Gartner just released its 2015 Hype Cycle for Emerging Technologies report. It’s our most reliable buzz bellwether, annually defining what’s in and what’s out. At the peak of inflated expectations just two years ago, Big Data was dethroned by the Internet of Things last year (but it was still estimated to be five to ten years from the Plateau of Productivity), only to completely disappear from Gartner’s hype radar this year (the 2010-2014 hype cycles are at the bottom of this post). Big data is out. So what’s in?
The Internet of Things is still at the top of the list, with self-driving cars (“autonomous vehicles”) ascending from pre-peak to the peak of the hype cycle. But there is an intriguing new category—“advanced analytics with self-service delivery”—sharing with them top billing. I guess one could hype all three in one emerging technology package of “The Internet of Autonomous Vehicles Delivering Advanced Analytics“ as the solution to all our transportation problems.
These technologies at the peak of the hype cycle also highlighted for me what’s missing from this year’s report. Given that the most hyped news out of Black Hat and Defcon conferences earlier this month were demonstrations of how to hack into cars (self-driving or not) and take control of them remotely, it is interesting that Gartner does not list any specific cybersecurity-related emerging technologies. It does mention, however, two general categories—“digital security” and “software-defined security” —both described as pre-peak, 5 to 10 years to the Plateau of Productivity. This may simply reflect the hype-less status of cybersecurity technologies. Given the daily news about data breaches, one could only hope that next year’s report will include some specific emerging solutions to what is promising to be a growing economic burden.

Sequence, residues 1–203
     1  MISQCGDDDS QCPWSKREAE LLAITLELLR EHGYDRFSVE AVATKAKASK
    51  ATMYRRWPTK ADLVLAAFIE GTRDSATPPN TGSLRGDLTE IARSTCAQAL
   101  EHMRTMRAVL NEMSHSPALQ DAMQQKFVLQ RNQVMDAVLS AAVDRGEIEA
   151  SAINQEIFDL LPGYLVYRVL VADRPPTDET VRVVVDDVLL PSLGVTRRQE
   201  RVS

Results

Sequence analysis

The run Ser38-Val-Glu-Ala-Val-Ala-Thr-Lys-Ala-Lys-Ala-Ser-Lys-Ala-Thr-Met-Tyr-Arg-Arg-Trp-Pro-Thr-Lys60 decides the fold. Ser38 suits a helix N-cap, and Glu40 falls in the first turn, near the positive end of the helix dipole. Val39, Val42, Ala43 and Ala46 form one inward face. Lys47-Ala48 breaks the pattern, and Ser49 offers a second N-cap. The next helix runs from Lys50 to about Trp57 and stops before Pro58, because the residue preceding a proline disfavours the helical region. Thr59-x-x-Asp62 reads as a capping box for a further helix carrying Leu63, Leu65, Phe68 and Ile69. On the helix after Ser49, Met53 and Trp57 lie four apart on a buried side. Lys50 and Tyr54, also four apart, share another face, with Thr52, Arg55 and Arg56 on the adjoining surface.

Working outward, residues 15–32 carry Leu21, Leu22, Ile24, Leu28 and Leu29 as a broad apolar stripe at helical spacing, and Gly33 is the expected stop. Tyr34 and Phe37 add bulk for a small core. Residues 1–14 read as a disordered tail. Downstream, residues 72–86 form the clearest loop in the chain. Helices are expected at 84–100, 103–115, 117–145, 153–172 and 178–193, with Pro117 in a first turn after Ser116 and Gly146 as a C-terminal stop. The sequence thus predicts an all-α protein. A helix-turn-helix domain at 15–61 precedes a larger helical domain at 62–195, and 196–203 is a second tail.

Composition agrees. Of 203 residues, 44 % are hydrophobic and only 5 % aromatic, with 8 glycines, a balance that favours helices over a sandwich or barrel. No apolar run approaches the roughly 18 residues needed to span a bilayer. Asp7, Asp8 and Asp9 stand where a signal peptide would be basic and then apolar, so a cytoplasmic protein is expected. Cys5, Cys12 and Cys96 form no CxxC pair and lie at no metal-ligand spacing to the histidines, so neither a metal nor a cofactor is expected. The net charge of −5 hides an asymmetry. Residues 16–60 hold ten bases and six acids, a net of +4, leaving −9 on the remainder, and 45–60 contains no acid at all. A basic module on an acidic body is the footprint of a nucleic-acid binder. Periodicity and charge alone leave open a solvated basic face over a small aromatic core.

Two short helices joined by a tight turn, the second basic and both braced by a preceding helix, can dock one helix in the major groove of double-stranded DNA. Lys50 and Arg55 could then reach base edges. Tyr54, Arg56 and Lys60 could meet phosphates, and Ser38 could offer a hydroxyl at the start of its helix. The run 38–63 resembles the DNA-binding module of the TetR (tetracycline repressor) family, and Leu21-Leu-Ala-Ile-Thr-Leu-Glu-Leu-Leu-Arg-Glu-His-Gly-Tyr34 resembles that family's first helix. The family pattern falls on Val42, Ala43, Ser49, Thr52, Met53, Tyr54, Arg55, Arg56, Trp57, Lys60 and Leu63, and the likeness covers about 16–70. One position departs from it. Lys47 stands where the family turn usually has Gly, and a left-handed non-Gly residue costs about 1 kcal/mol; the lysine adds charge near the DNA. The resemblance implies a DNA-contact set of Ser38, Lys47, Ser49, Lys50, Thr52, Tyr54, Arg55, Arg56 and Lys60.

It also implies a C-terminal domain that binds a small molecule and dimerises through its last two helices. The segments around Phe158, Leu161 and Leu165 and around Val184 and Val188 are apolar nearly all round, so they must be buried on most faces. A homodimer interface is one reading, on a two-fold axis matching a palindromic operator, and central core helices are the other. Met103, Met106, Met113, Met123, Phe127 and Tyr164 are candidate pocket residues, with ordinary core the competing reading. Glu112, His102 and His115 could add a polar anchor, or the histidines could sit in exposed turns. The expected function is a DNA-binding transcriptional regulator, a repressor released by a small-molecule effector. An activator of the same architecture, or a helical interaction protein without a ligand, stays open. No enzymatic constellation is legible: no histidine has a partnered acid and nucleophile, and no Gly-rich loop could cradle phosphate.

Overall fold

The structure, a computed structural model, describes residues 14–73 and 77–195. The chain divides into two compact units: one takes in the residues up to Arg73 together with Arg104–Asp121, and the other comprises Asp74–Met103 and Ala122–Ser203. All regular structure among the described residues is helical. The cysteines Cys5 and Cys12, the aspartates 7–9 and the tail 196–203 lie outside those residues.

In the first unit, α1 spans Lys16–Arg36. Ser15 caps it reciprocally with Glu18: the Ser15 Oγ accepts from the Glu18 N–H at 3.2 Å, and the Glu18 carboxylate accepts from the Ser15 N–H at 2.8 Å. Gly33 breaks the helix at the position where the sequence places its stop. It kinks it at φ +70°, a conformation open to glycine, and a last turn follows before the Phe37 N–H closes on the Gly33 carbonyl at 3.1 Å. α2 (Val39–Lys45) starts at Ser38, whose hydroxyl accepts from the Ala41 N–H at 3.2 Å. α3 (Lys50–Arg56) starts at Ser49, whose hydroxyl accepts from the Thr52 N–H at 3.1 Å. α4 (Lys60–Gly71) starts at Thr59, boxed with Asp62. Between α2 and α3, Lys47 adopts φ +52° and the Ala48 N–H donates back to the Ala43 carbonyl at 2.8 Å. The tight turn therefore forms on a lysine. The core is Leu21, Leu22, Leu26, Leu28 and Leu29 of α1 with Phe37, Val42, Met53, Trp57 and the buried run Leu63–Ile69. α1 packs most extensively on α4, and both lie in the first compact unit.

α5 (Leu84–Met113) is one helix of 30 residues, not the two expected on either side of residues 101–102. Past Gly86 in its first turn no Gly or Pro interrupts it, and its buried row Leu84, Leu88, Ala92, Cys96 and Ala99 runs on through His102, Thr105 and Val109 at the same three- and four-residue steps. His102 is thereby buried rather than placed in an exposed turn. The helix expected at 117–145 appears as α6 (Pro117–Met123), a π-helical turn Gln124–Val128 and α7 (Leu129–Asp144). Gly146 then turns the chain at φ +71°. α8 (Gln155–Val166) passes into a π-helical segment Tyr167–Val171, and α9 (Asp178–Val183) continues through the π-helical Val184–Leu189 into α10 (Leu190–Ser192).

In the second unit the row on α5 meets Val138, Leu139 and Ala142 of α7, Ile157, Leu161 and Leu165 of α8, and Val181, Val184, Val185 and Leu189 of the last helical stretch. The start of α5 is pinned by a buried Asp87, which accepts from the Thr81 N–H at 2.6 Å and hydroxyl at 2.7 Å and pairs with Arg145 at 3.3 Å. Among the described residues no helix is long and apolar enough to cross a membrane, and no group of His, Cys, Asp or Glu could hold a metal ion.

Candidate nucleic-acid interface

Another emerging technology showing promise last year—data science—has disappeared from this year’s report. It is replaced by “citizen data science” which Gartner thinks, as it did regarding data science last year, is only 2 to 5 years from the plateau. This could turn out to be the most optimistic prediction in this year’s report. A related category—machine learning—is making its first appearance on the chart this year, but already past the peak of inflated expectations. A glaring omission here is “deep learning,” the new label for and the new generation of machine learning, and one of the most hyped emerging technologies of the past couple of years.
It all boils down to what Gartner calls digital humanism: “New to the Hype Cycle this year is the emergence of technologies that support what Gartner defines as digital humanism—the notion that people are the central focus in the manifestation of digital businesses and digital workplaces.”
For the last 21 years Gartner has published the Hype Cycle report, of which Lee Rainie of the Pew Research Center has said: “There are sometimes disputes about where on the curve any individual innovation might rest, but there have been few challenges to the general trends it outlines.” I remember attending a Gartner Conference just before it started publishing this report and listening to a presentation by the analyst responsible at the time for Gartner’s emerging technologies research. He started his presentation by declaring: “Those who live by the crystal ball, die eating broken glass.”
The charts below show the evolution of Gartner’s crystal ball over the last five years and allow us to track the hype around Big Data over that period. It made its first appearance in August of 2011 as “‘Big data’ and extreme information processing and management” with 2 to 5 years to the Plateau of Productivity,then just made it into the Peak of Inflated Expectations in 2012, then rose to the top of most hyped technologies (together with consumer 3D printing and Gamification) in 2013, then started to descend into the Trough of Disillusionment in 2014, only to completely vanish in 2015. I guess Big Data is no longer an emerging technology.
Gartner Hype Cycle 2014
Gartner Hype Cycle 2013
Gartner Hype Cycle 2012
Gartner Hype Cycle 2011
Gartner Hype Cycle 2010
An earlier version of this post was published on Forbes.com
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